‘We Cannot Normalise Violence and Gore on Screen’
Sameer Sharma, a medical professional, delves into the patriarchal mindset of the audiences that make films like Animal, Salaar and KGF a roaring success. His views:
Patriarchy is not alien to our society, never has been. We have all witnessed it manifest in various forms during our formative years. Male chauvinism has its cultural roots in our society since eons and we have seen its unfettered acceptance from one generation to the other.
Similarly, our mainstream media is not far behind in inherently portraying this vice in daily soaps on television, commercials of consumer goods as well as cinema. The naked display of violence, misogyny, profanity and male chauvinism in our movies has been taken to another level in some of the most recent Bollywood releases like ‘Animal’, ‘Salaar’ and ‘KGF’ to name a few. The passion with which people have accepted and appreciated this brute display of bestiality is reflective of our society which takes pride in being violent, impatient and contemptuous.
These kind of movies create an adverse effect on impressionable minds, especially our youth. The younger generation often get inspired by what they see in movies and on OTT platforms. They try to emulate various characters shown in the movie and somewhere lose their own identity in the process. The negative influence is far greater than one can imagine. In some cases, these young individuals resort to serious crimes where women are involved and some heinous instances are quoted as being taken from a film that perpetrated and glorified such violence. The hero is worshipped no matter what. He is emulated and the common man is struck by the belief that the screen hero is a demi god and does everything right. The false belief and warped notions on behaviour with women result in a convoluted society.
Today, everyone has access to all kinds of stuff especially films. It is easy courtesy access to a mobile phone, a tablet, a laptop and a high speed internet connection which is readily available everywhere. Violence against women and children has increased manifold in the recent years and it’ll be fair to say that the kind of media content our youth is consuming create an adverse effect on their mind which often result in such incidences. The lackadaisical attitude of our society to address this issue is bewildering to say the least. We have knowingly or unknowingly normalized violence, misogyny, narcissism and indifference which is pushing our youth towards a sort of psychotic and insane behaviour with a criminal and devilish mindset. And that is precisely what these films glorify. When we convey and portray evil, we harvest evil. What you see, imbibe and take in, makes you what you are.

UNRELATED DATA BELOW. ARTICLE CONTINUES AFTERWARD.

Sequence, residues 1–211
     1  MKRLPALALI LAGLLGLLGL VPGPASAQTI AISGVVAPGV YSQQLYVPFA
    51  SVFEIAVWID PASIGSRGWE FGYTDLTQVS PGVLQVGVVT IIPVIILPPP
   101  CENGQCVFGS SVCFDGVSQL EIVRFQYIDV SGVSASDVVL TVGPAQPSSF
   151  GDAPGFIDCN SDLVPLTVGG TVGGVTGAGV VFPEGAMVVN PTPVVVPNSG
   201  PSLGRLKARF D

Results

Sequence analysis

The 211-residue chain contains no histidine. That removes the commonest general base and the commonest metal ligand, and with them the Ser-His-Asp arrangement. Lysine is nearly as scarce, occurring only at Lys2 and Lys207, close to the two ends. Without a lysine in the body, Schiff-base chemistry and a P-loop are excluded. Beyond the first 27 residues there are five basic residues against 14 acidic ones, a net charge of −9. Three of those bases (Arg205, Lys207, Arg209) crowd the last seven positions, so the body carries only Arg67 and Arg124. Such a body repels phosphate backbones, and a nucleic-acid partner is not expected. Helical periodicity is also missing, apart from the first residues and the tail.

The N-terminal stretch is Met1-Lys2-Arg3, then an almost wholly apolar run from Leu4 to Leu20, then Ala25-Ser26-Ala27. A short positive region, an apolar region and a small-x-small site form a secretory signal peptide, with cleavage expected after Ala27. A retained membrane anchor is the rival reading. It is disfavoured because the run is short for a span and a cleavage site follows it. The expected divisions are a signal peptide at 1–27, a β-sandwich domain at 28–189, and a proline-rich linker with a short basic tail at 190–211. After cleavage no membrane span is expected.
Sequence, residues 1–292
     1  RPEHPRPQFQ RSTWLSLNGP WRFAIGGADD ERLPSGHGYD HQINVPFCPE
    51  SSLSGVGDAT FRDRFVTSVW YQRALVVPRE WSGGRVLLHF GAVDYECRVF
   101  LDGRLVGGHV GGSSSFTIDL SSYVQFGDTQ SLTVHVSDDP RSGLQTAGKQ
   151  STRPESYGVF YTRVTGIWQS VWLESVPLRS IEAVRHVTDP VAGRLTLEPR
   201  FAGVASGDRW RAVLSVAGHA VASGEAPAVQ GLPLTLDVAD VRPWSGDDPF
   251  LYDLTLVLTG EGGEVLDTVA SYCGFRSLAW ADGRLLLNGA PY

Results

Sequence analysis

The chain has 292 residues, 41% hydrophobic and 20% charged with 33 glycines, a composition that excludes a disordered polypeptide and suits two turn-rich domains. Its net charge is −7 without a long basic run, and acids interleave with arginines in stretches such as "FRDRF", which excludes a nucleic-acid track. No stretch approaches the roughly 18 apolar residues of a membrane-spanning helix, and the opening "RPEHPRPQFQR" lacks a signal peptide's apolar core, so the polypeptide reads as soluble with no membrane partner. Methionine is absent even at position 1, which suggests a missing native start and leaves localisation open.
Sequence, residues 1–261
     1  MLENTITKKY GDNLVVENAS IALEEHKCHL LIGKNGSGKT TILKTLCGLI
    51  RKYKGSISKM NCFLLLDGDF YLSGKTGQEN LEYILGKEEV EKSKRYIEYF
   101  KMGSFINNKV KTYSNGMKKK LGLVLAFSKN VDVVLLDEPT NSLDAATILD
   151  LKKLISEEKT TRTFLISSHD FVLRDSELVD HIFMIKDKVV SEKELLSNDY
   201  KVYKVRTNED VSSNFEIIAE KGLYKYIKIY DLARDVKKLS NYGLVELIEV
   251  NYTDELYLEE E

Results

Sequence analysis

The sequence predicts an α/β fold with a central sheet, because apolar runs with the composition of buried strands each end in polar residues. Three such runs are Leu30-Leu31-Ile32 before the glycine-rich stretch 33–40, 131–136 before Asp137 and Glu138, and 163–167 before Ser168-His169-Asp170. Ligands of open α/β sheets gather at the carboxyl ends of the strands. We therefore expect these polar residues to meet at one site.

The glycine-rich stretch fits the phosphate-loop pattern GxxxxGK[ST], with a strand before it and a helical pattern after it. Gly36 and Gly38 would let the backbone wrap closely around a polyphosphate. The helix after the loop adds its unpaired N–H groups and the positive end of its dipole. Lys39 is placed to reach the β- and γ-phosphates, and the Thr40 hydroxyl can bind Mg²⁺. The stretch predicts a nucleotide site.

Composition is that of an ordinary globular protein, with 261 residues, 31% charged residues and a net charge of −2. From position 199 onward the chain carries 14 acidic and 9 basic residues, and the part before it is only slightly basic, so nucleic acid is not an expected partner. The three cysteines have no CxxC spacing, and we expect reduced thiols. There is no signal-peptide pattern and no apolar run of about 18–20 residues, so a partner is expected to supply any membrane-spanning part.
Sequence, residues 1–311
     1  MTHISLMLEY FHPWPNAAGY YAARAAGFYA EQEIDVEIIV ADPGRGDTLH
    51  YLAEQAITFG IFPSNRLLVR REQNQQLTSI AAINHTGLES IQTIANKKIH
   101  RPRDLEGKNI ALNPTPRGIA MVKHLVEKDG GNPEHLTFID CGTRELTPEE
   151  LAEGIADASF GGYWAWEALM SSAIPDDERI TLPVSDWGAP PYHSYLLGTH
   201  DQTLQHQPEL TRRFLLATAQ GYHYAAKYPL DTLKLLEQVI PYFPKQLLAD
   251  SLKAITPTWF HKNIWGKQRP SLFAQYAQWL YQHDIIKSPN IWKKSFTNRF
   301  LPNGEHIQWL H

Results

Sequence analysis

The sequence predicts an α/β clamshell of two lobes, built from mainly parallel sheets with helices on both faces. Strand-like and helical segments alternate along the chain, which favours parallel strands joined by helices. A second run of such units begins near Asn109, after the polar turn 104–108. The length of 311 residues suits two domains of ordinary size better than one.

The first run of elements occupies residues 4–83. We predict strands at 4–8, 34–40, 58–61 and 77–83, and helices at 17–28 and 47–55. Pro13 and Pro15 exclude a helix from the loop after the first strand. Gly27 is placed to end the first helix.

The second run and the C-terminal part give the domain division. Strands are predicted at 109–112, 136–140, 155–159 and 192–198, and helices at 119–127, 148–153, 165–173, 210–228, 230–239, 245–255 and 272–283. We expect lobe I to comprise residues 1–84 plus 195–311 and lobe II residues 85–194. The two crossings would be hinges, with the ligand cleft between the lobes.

There is always a silver lining to every black cloud. The hope to see enlightened individuals admonish this archaic behaviour is not distant. There is a need to address this vile obsession to treat women and the underprivileged with contempt. As long as we condone what’s happening now within our society, we will never be able to address the elephant in the room. Change is imminent.
As told to Deepa Gupta
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